What Is A Good Design or A Good Product?
Every brand wants to make good designs or good products. In other words, the intent is to bring a large proportion of good designs to consumers. The challenge is how do you judge a design or product?
In a recent conversation with one of our customers, this question came up.
What is a good design?
Is it just the commercial success of a design?
The question is very pertinent and important. This is considering the fashion and lifestyle industry is going through a need of transformation on being relevant and also responsible.
This edit explores an approach to answering this question.
In our earlier edit on Future Of Retail – Metrics That Matter, we covered the next retail metrics. In this edit, we take a deeper discovery at the product level.
Learning “Good Design” From The Flawed Era Of GDP
The article “The flawed era of GDP is finally coming to an end” from wired, reminds us of re-looking at how we measure success for fashion brands and products. While for decades we are measuring a country’s progress using GDP. GDP ignores the way the economic value is generated for e.g. at the cost of sustainability.
This raises the question of what can be an equivalent of Gross National Happiness?
Time To Re-Invent | What We Measure Is What We Improve
We will first look at the dimensions of a good design. The ground rule is, we will put consumers at the center of this exercise. A good design satisfies the following dimensions,
- Consumer’s need to identify themselves (self-expression)
- Brand purpose match
- Relevance of trend
- Consumer’s need to conserve their resources
- Quality (durability)
- Consumer’s need to conserve the planet’s resources | Sustainability
- Reduce wastage in delivering (1) and (2)
- Use materials/processes friendly for the planet
- Make the brand sustain itself through economic sustainability
- Free cash flow
- Revenue Velocity
- Profit (Gross Margin Return On Inventory GMROI)
Visualizing all of these dimensions in an infographic below,
There are three themes and seven dimensions to measure any product on.
Knowing is one thing, but measuring is another. Consumers are voting for our products in a relative sense. Further, the relative sense is dynamic and getting more complex.
It is not our feeling of the product rather the consumer response in a dynamic environment.
How To Measure Good Design Dimensions?
Trend relevance is the relative True-Demand™ performance of a product. It is a relative rank of a product in the contextual market.
This needs measurement outside-in using market data. Stylumia empowers any brand through Styumia C.IT to identify where the products stack up in the relative market conditions using a proprietary Demand Sensing™ engine. You can read in-depth about Demand Science™ here.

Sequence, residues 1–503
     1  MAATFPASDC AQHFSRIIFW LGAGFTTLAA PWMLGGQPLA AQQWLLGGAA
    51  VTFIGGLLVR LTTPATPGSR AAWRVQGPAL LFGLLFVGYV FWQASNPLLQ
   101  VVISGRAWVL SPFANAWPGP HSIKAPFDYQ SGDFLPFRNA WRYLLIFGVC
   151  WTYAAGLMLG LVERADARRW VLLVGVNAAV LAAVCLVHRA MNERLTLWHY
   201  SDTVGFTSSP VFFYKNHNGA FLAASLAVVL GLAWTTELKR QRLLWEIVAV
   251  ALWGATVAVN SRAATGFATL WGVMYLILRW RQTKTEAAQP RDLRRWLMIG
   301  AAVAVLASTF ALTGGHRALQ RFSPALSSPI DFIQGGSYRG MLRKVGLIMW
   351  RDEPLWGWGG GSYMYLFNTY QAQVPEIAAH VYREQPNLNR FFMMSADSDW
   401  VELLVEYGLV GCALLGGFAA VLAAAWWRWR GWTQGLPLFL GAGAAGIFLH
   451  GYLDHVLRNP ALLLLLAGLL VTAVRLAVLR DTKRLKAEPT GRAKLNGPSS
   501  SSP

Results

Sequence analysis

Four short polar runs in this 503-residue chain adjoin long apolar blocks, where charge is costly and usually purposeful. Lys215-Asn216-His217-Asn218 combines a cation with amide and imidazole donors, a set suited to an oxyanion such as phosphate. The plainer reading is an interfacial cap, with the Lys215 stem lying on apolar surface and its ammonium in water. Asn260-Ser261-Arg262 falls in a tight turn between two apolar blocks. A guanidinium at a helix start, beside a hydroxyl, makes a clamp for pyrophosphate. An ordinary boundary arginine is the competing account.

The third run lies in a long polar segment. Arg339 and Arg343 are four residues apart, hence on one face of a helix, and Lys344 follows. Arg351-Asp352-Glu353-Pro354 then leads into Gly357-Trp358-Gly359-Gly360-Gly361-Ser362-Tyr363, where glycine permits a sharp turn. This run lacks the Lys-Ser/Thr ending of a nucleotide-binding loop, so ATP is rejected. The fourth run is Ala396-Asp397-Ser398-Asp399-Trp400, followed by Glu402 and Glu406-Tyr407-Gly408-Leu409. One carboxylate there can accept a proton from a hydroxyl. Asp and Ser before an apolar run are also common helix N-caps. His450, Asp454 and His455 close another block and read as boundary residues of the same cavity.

Every fashion and lifestyle brand creates the highest wastage due to the supply-demand gap than any other reason. This wastage is a key driver of the carbon footprint. Almost close to two-thirds of fashion made in the world do not meet consumer demand. The economic wastage due to inventory pile-up and corresponding markdowns impacts gross margins and free cash flow. The key metric which will give us a signal of this wastage is the quantity prediction accuracy for every product. While this is an output metric, this is impacted by pre-season style/col/size level prediction. Apart from that, distribution planning forecast accuracy impacts in-season allocation errors.
Stylumia’s solutions of Apollo and Store.Y help minimize the quantity forecast errors pre and in-season. The solutions have a track record of delivering best-in-class accuracy lifts. The impact is across merchandise and distribution planning.
The solutions are powered by one of it’s kind machine learning algorithms which uses an ingenious model of visual and textual elements in the prediction process. This is a non-traditional way to estimate fashion demand.
In addition, Stylumia’s proprietary Taste -Model™ uniquely predicts demand using consumer preference of a product with the constraint of an assortment.
E P&L (Environmental Profit & Loss Account) is another way brands are looking at taking the responsibility of measuring sustainability.
Are your products right-priced? is an important question.
Typically brands measure price mix based on assortment seen in the market. This is flawed at its root. The flaw is looking at the supply-driven price and not the demand signal of price. It is essential to look at a consumer demand-driven pricing relevance. Stylumia’s C.IT provides a unique demand-driven view of price mix for you to know whether the pricing of products is relevant.
All P&L metrics (revenue velocity, GMROI & cash velocity) of fashion are a result of getting all the above dimensions in order.
A good design in fashion is one that satisfies the consumer, the brand and the environment in a holistic manner.
With this first principle in place, it is time to detach from any system which provides supply-driven insights/metric or subjective. Also, it is time to question any static forecasts of fashion that are not consumer data-driven (it is like shooting a moving target with a static gun).
Aren’t these practices the reason for the fashion industry generating so much wastage?
It is time for a paradigm shift.